Newsweek reported that “According to Lithuania’s Ministry of Defence, which currently hosts the multinational police mission of jets from NATO [emphasis added] that assist in preventing incursions into the country’s airspace, Russian jets approached allied airspace February 14 and 16. NATO jets scrambled to escort a similar formation both times—an Il-22 bomber, tailed by two Su-27 fighters. The flights appeared to be a round trip from mainland Russia to its enclave of Kaliningrad and back. In both cases only the Il-22 had its transponder on. Only one of the flights, the second one, followed a submitted flight plan, which only detailed the movement of one of the three planes.”
At first glance this report might appear reasonable, but unfortunately for the dignity of journalism it is a jumble of tiny half-truths. The headline states there were “bomber planes”— in plural. But the text makes it clear there was a single Il-22. The statement that Russian aircraft ‘approached allied airspace’ is intended to convey that the aircraft deliberately flew towards airspace controlled by the US-NATO alliance and that this was in some way a threat. The rest of the text, however, records that the flight was simply a round trip over the Baltic from one part of Russia to another.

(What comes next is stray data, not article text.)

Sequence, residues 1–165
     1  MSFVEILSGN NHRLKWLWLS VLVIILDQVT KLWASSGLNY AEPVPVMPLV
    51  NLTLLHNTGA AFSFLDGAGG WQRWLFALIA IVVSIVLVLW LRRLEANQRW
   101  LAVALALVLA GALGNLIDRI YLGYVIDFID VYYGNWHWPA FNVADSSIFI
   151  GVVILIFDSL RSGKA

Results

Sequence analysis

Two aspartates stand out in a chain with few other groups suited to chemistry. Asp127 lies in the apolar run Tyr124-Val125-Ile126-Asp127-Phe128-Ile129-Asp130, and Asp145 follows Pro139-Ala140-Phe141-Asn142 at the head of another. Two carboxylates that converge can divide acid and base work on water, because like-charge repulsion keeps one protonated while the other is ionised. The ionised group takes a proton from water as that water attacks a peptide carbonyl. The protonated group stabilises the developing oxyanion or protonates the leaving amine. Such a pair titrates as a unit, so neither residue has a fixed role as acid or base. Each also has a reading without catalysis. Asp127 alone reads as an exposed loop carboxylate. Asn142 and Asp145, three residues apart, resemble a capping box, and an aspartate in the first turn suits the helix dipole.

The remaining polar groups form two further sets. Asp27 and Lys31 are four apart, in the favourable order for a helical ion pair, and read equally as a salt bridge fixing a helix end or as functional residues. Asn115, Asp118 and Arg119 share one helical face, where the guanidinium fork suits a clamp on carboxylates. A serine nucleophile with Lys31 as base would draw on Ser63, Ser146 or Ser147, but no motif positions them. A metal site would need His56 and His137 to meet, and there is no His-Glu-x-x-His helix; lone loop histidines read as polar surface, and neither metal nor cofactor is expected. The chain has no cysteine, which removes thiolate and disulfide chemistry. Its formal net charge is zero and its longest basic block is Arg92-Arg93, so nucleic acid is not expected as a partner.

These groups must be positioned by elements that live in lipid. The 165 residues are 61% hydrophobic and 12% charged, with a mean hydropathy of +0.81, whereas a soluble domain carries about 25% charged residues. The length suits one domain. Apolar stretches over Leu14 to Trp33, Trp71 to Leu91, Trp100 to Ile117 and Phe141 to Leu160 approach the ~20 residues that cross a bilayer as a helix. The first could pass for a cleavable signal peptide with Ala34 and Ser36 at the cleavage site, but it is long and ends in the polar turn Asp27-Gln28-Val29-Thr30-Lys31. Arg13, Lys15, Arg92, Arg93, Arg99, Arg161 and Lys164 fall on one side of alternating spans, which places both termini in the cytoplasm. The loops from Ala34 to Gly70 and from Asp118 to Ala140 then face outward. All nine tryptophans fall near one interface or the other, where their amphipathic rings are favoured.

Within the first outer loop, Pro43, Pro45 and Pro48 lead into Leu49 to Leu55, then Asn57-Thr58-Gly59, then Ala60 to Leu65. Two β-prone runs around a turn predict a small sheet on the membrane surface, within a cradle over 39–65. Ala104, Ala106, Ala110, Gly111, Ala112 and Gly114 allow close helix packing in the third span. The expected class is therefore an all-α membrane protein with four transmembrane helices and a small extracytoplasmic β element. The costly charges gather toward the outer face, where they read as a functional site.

The aim of the piece was to persuade its readers that the Moscow Menace is constantly deploying “Russian combat aircraft, flying alongside Russian bomber planes” to intimidate innocent Lithuanians and citizens of other Baltic States, although it is never recorded that no Russian aircraft has violated foreign airspace around the Baltic or anywhere else.
The report was typical (without the fantasising ‘skein’) of Western media comment on Russia that is intended to create alarm where none is remotely justified. We are repeatedly told that the new General managers in Washington are intellectuals and military historians. Let them bear in mind the words of Eisenhower, their own great president, who declared that “I hate war as only a soldier who has lived it can, only as one who has seen its brutality, its futility, its stupidity. Every gun that is made, every warship launched, every rocket fired signifies in the final sense, a theft from those who hunger and are not fed, those who are cold and are not clothed. This world in arms is not spending money alone. It is spending the sweat of its labourers, the genius of its scientists, the hopes of its children. This is not a way of life at all in any true sense. Under the clouds of war, it is humanity hanging on a cross of iron.”
Then they should reflect on President Putin’s statement about war to the effect that “people with some common sense cannot even imagine such a large-scale military conflict today. We have other things to think about, I assure you.”